On a hilltop in the West Bank, just a few miles from Bethlehem and the security wall that separates Israel from the Palestinian Territories, there is a farm that goes by the name ‘Tent of Nations’. The Nassar’s are a Christian family who have owned this land for generations and they are among the few who can prove it, having gone through the trouble of seeking documentation when this part of the world was still governed by the Ottoman Empire.
Despite the evidence, and their permanent residency on the farm, this hilltop was claimed by the Israeli state in 1991, putting the Nassar’s in a legal battle that continues to this day. Even though they are well within what is internationally recognized as the Palestinian Territory of the West Bank, Israel has built a network of settlements all around the Nassar family, leaving the Tent of Nations as a small Palestinian island in an area otherwise entirely annexed by Israel.
Court battles that have racking up hundreds of thousands of dollars in legal fees are just one way the Nassar’s feel the pressure to leave their land. Other means are not so civil. Waking up to find their trees burned or cut down is common, as are obscure confiscation notices posted on the perimeter of the property that, if not found and responded to in a given number of days, give Israel the legal authority to confiscate the land
. When we visited the Tent of Nations, our bus dropped us off at a series of boulders that we had to climb over before walking a few hundred yards down a dirt road to get to the property. The rocks were a gift from the IDF, denying the Nassar’s any access to the main road in another statement that life here is not going to be easy. Whenever they try to build on their property they receive Stop-Work orders, and notices denying them the right to cultivate their farmland are common.
Yet, despite such an intimidation campaign, the words painted on rock at the entrance to the farm are ‘We refuse to be enemies.’ This has become the Nassar family motto, despite the reality that enemies surround them on all sides.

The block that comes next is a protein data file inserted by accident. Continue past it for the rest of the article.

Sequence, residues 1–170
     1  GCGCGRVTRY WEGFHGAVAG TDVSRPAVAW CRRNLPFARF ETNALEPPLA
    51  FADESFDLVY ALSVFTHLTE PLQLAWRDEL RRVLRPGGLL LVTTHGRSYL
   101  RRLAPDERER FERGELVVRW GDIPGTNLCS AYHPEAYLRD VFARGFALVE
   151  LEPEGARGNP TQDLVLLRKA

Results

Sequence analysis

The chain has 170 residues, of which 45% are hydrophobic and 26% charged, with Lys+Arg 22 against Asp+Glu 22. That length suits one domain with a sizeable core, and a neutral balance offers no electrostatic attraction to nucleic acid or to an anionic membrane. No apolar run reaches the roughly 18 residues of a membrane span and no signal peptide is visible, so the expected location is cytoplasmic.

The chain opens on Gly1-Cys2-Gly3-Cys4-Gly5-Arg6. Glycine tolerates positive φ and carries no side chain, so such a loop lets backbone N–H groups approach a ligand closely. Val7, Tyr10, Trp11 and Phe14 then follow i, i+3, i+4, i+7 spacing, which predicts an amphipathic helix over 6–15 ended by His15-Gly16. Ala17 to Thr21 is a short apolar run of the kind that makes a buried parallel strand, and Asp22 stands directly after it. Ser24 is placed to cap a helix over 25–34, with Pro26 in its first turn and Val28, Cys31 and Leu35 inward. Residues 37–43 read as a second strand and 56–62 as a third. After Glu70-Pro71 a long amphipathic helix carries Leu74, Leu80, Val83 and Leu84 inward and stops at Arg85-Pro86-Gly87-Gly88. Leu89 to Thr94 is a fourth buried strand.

“Resistance is existence… Nonviolence is not a strategy but a way of life”, notes the mouth of Daoud Nassar, our host for the afternoon. Here, one can see this in action. Tent of Nations has no access to running water so they are constantly improving their systems for collecting rain. They have no access to the electrical grid so solar panels dot the property. They have received 13 demolition permits for construction projects without building permits, which are never accepted when applied for, so the Nassar’s have .built into the land, carving small classrooms and dormitories (the farm hosts educational summer camps for children of all faiths) out of the rock, out of sight from Israeli aerial surveillance.
The Nassar’s example of peace in the face of all odds has earned their plight some deserved international attention. When Israeli settlers destroyed 250 of their olive trees, it was an American Jewish organization that came to replant them. Like Elias Chacour, it is a fervent faith that drives the Nassar’s to have such an extremist approach to peace. When IDF soldiers drove through their gate – literally through, knocking the gate to the ground – Daoud met the officer in charge with an offer of tea, as custom dictates. “Blessed are the peacemakers, not the peace talkers”, Daoud teaches us.
The Tent of Nations is one of our final stops of the week and, despite all the ‘holy’ sites visited, this feels like the most hallowed ground, where nonviolence meets oppression nearly every day. It’s fitting therefore that Daher Nassar, Daoud’s older brother, is leading us in a chorus of ‘We Shall Overcome’. A rock star, three pastors, and about a dozen other church leaders singing words we hope will be prophetic for the Nassar family. Our performance is far from award winning but nevertheless, it is a prayer for peace that all would do well to hear.